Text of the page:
ALL GROWN UP: Zachary Levi (left) and Jack Dylan Grazer as Billy Batson and Freddy Freeman in Shazam!

Film review: Shazam! (12A)

In the very crowded super-hero genre, it’s difficult to stand out from the rest.

As somebody that enjoys all things Marvel and DC, Shazam! always looked like taking a different route to the many that came beforehand.

With a youthful cast and a hero who isn’t quite as mainstream (or serious) as the likes of DC stalwarts Batman, Superman, Wonder Woman and Aqua Man, it’s fair to say that this ‘coming of age’ offering feels like the ‘risk’ Marvel took when turning to The Guardians Of The Galaxy.

I’m pleased to say that the risk pays off, as Shazam! is packed full of humour and charming characters.

However, it does fall foul of one of the usual super-hero bugbears – a villain that ultimately underwhelms.

Shazam! is the story of Billy Batson, a teenage streetwise orphan who has passed through numerous foster homes due to his urge to track down his absent mother.

However, he soon has magical gifts bestowed upon him (I’ll not spoil how) and essentially becomes a little like Superman (he can fly, has super speed, is bulletproof, etc).

The catch is that he turns into the optimum version of himself – meaning he grows up in an instant.

Played by both youngster Asher Angel and Zachary Levi throughout the film, Billy’s story is a heartfelt one as he bids to prove that he’s truly worthy of his powers.

As you can imagine, any story about a teenager being handed superpowers is going to play out much differently to the usual ‘origin story’ we’re often served up.

Billy has serious issues caused by the way his parents have treated him, but the film is careful to treat them respectfully.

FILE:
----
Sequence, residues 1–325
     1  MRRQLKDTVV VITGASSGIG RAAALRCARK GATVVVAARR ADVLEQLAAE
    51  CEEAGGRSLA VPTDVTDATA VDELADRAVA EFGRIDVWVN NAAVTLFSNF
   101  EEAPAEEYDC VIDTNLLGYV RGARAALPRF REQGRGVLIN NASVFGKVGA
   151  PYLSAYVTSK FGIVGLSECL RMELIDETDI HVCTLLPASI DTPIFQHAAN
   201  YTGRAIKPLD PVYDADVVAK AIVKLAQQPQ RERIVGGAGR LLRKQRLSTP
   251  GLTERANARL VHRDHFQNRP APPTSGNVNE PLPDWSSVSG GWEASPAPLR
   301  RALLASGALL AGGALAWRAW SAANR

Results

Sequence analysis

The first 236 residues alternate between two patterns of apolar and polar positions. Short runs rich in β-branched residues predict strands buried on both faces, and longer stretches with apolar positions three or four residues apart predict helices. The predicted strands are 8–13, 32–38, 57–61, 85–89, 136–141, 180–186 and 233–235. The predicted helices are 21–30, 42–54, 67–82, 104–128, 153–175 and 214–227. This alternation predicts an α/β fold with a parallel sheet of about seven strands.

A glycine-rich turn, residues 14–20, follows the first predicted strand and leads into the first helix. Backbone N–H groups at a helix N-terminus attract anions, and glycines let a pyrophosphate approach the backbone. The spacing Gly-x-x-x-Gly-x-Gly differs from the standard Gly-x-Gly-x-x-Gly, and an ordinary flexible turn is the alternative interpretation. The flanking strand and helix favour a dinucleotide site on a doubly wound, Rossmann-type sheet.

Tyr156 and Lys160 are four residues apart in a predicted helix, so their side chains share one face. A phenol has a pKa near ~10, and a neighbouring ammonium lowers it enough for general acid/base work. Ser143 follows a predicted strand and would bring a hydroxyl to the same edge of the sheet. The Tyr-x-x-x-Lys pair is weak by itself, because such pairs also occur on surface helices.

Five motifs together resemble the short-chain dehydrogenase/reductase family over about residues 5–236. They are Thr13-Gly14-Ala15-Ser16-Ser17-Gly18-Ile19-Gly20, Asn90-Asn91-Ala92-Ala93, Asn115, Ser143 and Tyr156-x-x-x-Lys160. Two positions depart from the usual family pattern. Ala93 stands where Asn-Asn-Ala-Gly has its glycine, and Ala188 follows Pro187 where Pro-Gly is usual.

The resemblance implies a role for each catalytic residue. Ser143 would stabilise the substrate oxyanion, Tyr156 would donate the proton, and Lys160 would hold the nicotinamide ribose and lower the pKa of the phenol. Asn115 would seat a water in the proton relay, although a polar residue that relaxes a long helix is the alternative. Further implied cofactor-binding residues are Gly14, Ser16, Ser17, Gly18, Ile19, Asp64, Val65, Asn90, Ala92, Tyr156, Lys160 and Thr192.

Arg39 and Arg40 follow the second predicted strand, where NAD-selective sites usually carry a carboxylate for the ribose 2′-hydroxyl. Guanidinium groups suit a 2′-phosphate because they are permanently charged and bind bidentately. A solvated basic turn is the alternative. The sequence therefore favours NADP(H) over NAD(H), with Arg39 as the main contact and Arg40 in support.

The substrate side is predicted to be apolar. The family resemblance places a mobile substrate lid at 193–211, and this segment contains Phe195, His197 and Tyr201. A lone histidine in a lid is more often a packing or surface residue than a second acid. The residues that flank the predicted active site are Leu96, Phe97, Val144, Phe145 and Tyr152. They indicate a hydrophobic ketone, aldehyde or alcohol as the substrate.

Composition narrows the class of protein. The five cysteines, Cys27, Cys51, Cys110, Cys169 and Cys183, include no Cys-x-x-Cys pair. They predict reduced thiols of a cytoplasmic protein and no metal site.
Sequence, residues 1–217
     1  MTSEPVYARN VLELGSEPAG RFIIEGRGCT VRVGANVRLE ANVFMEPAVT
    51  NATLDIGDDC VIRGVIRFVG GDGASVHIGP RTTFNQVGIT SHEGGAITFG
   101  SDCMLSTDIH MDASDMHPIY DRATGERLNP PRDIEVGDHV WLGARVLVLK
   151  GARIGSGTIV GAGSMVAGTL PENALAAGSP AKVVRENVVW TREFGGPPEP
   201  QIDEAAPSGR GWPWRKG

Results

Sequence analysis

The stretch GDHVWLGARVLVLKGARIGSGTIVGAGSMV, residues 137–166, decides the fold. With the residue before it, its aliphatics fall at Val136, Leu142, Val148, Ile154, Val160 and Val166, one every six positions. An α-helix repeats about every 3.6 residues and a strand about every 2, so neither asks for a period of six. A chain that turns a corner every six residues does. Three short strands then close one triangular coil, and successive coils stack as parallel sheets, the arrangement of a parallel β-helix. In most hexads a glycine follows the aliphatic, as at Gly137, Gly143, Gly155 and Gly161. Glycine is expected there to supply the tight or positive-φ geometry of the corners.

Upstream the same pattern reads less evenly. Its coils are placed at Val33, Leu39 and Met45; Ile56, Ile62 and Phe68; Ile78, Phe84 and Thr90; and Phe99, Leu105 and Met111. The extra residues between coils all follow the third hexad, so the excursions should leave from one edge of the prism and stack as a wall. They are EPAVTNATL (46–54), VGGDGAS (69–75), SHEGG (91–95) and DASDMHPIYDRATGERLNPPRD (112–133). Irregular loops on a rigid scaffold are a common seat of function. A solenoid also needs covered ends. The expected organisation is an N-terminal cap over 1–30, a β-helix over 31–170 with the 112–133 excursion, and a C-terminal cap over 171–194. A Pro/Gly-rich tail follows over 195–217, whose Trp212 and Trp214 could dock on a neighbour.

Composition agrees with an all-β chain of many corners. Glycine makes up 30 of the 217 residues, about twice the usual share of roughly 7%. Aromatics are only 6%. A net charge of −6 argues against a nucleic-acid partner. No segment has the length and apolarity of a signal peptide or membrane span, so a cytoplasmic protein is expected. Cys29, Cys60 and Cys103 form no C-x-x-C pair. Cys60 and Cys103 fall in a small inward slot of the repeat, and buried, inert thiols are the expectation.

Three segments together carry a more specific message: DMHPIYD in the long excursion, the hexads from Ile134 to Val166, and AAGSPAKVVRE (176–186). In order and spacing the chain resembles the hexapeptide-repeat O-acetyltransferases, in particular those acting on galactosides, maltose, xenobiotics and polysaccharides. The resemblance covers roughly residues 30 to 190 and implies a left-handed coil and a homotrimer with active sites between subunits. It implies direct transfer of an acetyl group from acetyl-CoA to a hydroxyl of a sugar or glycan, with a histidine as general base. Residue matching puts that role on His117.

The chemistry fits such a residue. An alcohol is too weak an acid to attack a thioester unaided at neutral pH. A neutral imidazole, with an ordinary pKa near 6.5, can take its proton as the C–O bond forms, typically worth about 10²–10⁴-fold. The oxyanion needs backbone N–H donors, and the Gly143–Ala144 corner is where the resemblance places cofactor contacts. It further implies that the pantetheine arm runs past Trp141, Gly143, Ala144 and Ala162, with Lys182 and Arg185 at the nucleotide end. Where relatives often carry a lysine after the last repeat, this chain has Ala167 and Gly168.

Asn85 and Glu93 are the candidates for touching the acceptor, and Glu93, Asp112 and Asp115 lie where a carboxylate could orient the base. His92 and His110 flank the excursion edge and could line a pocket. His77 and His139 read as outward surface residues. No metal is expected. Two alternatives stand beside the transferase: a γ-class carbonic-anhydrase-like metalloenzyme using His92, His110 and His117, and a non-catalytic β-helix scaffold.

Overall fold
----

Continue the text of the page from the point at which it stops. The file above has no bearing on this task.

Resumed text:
It gives the same treatment to his adopted foster family, which includes the excellent Jack Dylan Grazer as Freddy Freeman, the charming Faithe Herman as Darla Dudley, Grace Fulton’s Mary Bromfield, Ian Chen’s Eugene Choi and Jovan Armand’s Pedro Peña.

There are also strong turns from The Walking Dead’s Cooper Andrews and Marta Milans as Victor and Rosa Vasquez, who act as endearing foster parents to them all.

Meanwhile, Mark Strong is very solid as the villainous Dr Sivana, who has a decent back story. His clashes with Shazam! are largely enjoyable, but things fall flat when he unleashes his ‘deadly sins’ themed CGI minions.

It’s appreciated that Sivana isn’t on a quest to end the world, though, with his quest for power feeling like a much more organic plot.

I can’t say that Shazam! is up there with my favourite super-hero films of the past decade and it lacks the kind of gravitas you associate with this kind of film.

With Levi and Grazer particularly impressing, I do think there’s mileage in a sequel, though.

Boasting plenty of teen humour, gags galore and solid action, Shazam! might not be the strongest super-hero offering of the year, but it’s plenty of fun.

Voice Verdict (reviewed at Boston Savoy): 7.5/10
+ Lots of fun
+ Doesn’t take itself to seriously
+ Cast works well
– Some bad effects

Boston’s West End Cinema (Fri, April 12 to Thurs, April 18)

5.40pm (daily), 8.30pm (daily)

2D – 12pm (not Wed), 3pm (daily), 5.30pm (daily), 8.25pm (daily)

2D – 12pm (daily), 2.10pm (daily), 4.20pm (daily), 6.40pm (daily)
3D – 10am (daily)

9.50am (not Wed), 1pm (daily), 3.15pm (daily)

10am (daily), 11.45am (not Sun)

2D – 10am (daily), 12.30pm (daily), 2.50pm (daily), 6pm (daily), 8.40pm (Fri, Tues, Thurs)
3D – 4.10pm (not Sun)

6.25pm (not Wed/Thurs), 8.45pm (daily)

US (15)
8.40pm (Sat)


2D  – 1.30pm (not Sun), 2.45pm (Sun), 8.20pm (not Sun), 8.30pm (Sun)

10.15am (daily) Mary Poppins Returns (U)

11.30am (Wed) – All Is True (12A)

8.40pm (Mon) – Shazam! (12A)


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